Africa  

Man mauled, lion shot in latest Nairobi incident

A ranger of Kenya Wildflife Serive (KWS) shoots a lion after the feline ran away from  the Amboseli National Park in  Kaijado on March 30, 2016. / AFP / STRINGER

A ranger of Kenya Wildflife Serive (KWS) shoots a lion after the feline ran away from the Amboseli National Park in Kaijado on March 30, 2016. / AFP / STRINGER

A man was injured by a lion that was subsequently shot dead by wildlife rangers as it roaming outside the Kenyan capital Nairobi on Wednesday.

It is the fourth time this year that lions have roamed outside Nairobi National Park and the second time someone has been injured by a lion in less than two weeks.

The dark-maned male lion was shot by a Kenya Wildlife Service (KWS) ranger after it hurt a passer-by near Isinya, a built-up area south of the capital where onlookers were gathering to stare at the agitated animal.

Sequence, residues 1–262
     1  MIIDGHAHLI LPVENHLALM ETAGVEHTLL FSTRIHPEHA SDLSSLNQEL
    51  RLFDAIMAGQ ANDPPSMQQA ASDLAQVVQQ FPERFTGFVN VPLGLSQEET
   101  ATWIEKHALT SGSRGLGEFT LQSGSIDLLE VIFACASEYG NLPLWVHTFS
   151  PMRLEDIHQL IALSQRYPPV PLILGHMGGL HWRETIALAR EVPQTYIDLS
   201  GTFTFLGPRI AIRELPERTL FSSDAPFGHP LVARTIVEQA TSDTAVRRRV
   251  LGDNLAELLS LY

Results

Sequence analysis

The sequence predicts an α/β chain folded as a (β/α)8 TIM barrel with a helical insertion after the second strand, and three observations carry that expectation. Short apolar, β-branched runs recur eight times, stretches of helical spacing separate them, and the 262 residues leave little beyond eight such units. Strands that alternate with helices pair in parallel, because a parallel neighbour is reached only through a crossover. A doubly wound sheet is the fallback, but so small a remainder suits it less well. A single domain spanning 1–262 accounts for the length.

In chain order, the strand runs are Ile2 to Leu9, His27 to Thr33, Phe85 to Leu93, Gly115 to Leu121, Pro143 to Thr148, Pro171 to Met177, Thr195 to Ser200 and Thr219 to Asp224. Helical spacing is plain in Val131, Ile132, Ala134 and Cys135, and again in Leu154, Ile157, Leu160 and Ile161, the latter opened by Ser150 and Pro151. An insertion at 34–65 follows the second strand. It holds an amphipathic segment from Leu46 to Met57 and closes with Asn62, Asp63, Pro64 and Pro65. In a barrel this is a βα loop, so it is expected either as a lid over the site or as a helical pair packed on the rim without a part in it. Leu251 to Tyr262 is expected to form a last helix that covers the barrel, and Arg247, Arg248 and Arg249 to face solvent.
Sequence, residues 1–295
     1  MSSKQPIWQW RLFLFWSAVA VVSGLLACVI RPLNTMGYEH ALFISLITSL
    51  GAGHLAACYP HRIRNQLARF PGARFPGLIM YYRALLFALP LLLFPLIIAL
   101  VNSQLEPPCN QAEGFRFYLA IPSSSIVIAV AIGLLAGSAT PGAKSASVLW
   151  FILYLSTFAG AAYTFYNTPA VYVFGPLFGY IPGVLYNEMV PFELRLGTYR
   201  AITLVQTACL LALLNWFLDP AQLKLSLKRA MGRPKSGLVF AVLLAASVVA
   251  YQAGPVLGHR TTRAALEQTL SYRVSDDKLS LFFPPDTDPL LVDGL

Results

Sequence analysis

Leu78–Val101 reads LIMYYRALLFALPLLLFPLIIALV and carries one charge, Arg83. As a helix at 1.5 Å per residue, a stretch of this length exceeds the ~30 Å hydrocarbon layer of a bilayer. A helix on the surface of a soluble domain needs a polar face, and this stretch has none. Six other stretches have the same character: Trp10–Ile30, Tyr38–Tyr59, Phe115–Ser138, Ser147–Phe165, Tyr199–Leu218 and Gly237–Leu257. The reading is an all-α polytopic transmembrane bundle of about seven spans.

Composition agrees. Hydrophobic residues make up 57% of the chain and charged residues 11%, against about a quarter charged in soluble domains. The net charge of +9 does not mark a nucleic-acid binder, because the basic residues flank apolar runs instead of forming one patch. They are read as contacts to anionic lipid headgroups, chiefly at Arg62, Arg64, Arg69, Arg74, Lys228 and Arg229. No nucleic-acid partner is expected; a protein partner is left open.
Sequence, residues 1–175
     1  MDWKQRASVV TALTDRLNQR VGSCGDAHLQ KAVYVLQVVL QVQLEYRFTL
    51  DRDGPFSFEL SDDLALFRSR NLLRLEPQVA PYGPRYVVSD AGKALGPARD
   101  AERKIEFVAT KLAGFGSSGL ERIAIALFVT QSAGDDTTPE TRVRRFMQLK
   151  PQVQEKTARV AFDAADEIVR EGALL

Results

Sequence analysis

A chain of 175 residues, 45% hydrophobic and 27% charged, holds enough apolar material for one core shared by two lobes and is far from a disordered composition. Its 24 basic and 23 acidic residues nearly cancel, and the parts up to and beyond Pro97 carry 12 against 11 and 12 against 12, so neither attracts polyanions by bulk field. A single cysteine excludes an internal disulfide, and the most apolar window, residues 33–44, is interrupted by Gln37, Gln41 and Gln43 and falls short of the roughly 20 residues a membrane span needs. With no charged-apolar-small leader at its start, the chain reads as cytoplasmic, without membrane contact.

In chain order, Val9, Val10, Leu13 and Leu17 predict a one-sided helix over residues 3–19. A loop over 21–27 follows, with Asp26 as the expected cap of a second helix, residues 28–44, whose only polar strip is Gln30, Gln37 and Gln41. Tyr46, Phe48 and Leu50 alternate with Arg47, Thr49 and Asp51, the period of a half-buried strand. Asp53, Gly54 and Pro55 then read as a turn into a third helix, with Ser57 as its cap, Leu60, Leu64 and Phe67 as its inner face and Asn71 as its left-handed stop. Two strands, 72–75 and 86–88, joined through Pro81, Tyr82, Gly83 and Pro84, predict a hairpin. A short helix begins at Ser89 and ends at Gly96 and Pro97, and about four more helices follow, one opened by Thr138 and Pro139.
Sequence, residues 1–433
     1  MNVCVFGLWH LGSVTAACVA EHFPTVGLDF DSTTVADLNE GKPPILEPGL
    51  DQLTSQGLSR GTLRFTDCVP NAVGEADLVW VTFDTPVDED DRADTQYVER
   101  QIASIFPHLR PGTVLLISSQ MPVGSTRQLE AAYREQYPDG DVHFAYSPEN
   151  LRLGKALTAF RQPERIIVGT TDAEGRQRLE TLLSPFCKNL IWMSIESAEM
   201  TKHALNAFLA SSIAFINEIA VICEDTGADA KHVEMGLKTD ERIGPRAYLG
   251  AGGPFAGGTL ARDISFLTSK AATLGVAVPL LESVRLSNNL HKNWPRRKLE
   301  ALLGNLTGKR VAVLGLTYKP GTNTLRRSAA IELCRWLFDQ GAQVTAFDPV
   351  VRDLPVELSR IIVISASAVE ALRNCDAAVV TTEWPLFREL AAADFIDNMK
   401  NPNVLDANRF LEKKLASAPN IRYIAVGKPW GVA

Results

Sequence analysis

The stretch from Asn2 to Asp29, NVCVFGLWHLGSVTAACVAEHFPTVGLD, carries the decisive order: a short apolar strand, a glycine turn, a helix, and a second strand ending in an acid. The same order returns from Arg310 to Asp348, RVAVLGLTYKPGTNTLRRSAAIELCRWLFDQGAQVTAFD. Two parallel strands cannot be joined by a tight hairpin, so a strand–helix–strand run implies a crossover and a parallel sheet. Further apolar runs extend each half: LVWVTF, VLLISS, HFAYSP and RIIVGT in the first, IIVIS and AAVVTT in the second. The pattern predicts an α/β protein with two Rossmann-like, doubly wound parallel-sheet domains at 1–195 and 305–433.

“The stray lion that was roaming in Isinya has been shot dead after injuring a person,” said KWS spokesman Paul Udoto.

Udoto said the injured man had been taken to hospital and the animal shot “after it (had) become wild”.

In previous incidents this year the lions have either been herded back to the 117 square kilometre (29,000-acre) park or have returned of their own accord.

The reserve is almost surrounded by a fast-growing city of over three million people.

Earlier this month a 63-year old man was injured when a lion clawed at him close to a busy highway where motorists were honking their horns and snapping photographs and videos as they drove by.

The park is not entirely fenced to enable traditional migration by animals in search of grazing.

The big cats are under growing pressure as one of Africa’s fastest growing cities expands onto ancient migration routes and hunting grounds.

Conservationists say lions lived there before people in the area and are not “escaping” the park nor “straying” into human settlements, rather people have moved into the lions’ habitat.

In mid-February, two lions spent a day wandering through Kibera, a densely-packed city slum, before returning to the park, and days later more lions were spotted in town.



1 Comment
  • nana

    poor lion….we might just as well shoot all the lions now because the humans are never going to move away from there so this is bound to keep happening until all the lions are all shot and the humans are happy to be rid of them.

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